Why did I accept this job with alacrity? Because thesed youn people are going to determine what Australians will be like in the next generation. They will mould the lives of people who will guide the destiny of the world. They have an authority and power that is awesome.

You see, man is no simply the creature at the top of the evolutionary scale. Although he is different from the animals in that he has a lengthened infancy, the difference involves far more. Man has an immortal soul, the animals haven't. Man has a teachable spirit, a capacity to love God and unlovely people, an innate quest for nobility and the "good life". But a man or woman is made or marred in childhood. By the age of three, 50% of all the attitudes a person will imbibe have already taken firm root. By the age of 15, the twig is firmly bent into an almost full-grown tree. And for the next 50 years, the life lived will be an "out-living" of what is learned in that first decade and a half.

So you see, the teacher is a V.I.P.

Wise old Socrates used to say that if he could get to the highest point in Athens, he would lift up his voice and proclaim "What mean ye, fellow-citizens, that scrape every stone to get wealth together and take so little care of your children to whom ye must some day relinquish all?"

That the child-life is important is very evident as we turn to the Scriptures. Jesus himself was a child. He might have 'become flesh and dwelt among us' as a mature adult, but God saw fit to put him through the long preparatory stages of childhood before the comparatively brief period of his public ministry. Christ put a child into the centre of the group, rebuking the disciples when they argued that adults had prior claim to His time. His last charge to Peter: 'Feed my lambs.'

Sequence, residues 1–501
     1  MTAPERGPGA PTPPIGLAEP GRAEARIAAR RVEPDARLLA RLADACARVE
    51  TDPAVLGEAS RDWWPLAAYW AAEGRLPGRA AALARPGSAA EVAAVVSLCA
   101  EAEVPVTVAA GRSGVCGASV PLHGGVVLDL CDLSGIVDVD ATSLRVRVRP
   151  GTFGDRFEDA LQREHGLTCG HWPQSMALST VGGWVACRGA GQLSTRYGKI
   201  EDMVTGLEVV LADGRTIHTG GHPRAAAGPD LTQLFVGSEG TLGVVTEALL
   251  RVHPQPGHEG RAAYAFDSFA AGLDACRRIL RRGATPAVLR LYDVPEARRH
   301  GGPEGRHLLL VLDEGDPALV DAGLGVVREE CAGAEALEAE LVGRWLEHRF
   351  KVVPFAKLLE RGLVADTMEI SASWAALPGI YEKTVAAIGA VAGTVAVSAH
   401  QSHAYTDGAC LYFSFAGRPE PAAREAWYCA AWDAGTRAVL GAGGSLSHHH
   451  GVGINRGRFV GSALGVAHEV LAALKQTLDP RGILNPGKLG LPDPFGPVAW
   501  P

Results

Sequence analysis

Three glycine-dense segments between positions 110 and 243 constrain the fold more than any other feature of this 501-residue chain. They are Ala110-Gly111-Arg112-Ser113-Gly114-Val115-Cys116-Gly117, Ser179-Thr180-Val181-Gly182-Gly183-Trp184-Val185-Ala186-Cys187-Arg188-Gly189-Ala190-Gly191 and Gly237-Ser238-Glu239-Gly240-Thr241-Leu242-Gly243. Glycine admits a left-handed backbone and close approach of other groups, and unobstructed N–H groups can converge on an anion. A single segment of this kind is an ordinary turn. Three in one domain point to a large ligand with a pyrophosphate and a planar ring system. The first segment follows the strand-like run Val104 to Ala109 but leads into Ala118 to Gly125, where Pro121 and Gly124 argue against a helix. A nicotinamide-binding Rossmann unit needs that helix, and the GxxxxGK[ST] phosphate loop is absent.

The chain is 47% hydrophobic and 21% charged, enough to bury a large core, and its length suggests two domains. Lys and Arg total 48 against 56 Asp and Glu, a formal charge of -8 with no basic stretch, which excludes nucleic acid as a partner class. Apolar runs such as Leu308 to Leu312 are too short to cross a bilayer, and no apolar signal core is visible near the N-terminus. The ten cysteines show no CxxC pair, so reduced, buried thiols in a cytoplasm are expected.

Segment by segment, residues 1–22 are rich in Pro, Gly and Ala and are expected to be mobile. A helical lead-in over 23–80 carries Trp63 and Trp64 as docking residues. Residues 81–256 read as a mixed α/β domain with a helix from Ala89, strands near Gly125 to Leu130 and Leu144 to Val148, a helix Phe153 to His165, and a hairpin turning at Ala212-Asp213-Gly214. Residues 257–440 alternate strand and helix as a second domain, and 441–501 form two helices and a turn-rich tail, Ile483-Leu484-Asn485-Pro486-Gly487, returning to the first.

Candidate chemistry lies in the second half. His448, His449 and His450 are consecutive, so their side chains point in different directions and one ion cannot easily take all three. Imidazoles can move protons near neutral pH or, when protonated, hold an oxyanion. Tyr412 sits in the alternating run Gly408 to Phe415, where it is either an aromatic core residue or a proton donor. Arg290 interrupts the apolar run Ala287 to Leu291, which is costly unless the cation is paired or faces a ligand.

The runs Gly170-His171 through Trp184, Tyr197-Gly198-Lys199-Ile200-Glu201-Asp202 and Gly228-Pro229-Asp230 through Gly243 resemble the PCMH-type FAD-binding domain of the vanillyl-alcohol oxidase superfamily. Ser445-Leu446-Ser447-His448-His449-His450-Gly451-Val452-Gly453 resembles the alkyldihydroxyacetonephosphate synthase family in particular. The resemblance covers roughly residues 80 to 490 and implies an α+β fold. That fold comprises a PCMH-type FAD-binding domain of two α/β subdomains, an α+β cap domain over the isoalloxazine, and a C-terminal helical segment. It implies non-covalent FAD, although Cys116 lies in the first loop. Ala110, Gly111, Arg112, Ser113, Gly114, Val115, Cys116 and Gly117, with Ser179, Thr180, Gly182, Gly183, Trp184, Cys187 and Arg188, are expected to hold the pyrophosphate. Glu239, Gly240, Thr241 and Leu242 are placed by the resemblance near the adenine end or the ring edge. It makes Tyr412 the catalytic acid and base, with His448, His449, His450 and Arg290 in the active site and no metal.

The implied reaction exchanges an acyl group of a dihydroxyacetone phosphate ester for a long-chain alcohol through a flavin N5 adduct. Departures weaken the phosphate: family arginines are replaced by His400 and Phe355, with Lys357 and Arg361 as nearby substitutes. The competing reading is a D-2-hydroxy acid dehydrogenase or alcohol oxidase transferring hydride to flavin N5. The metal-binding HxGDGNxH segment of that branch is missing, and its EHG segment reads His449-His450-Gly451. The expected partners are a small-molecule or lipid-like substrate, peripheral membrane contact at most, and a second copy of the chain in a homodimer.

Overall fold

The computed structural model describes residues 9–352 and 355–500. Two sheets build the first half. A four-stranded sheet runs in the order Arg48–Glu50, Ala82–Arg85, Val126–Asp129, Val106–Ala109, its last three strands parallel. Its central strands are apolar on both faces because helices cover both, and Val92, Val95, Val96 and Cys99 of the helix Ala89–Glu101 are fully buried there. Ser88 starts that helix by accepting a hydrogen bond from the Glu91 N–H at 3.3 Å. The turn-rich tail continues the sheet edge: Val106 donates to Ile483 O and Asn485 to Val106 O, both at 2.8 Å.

Jesus knew that the child's mind is plastic: 'wax to receive and granite to retain' as someone has put it.

A university professor gave up his work among adults to teach boys. When asked for his reason he said: 'If you were to write your name on brick so that it would remain, would you write it before or after it was baked?'

Jesus died for all the children, all the children of the world. Most adult Christians were converted to Christ when children or early adolescents.

I regard my present job as an important one. Can you now see why? A high school teacher who teaches for twenty years has imparted ideas, attitudes, and information to about 4000 young people. Each pupil has this teacher in front of his class for about 70 hours a year. Something must rub off... particularly if the teacher is known in the school as a committed Christian.

So in a nutshell, my task this year is to get as many of these Very Important People called teachers to become more mature Christians, before they arrive at their first school appointment.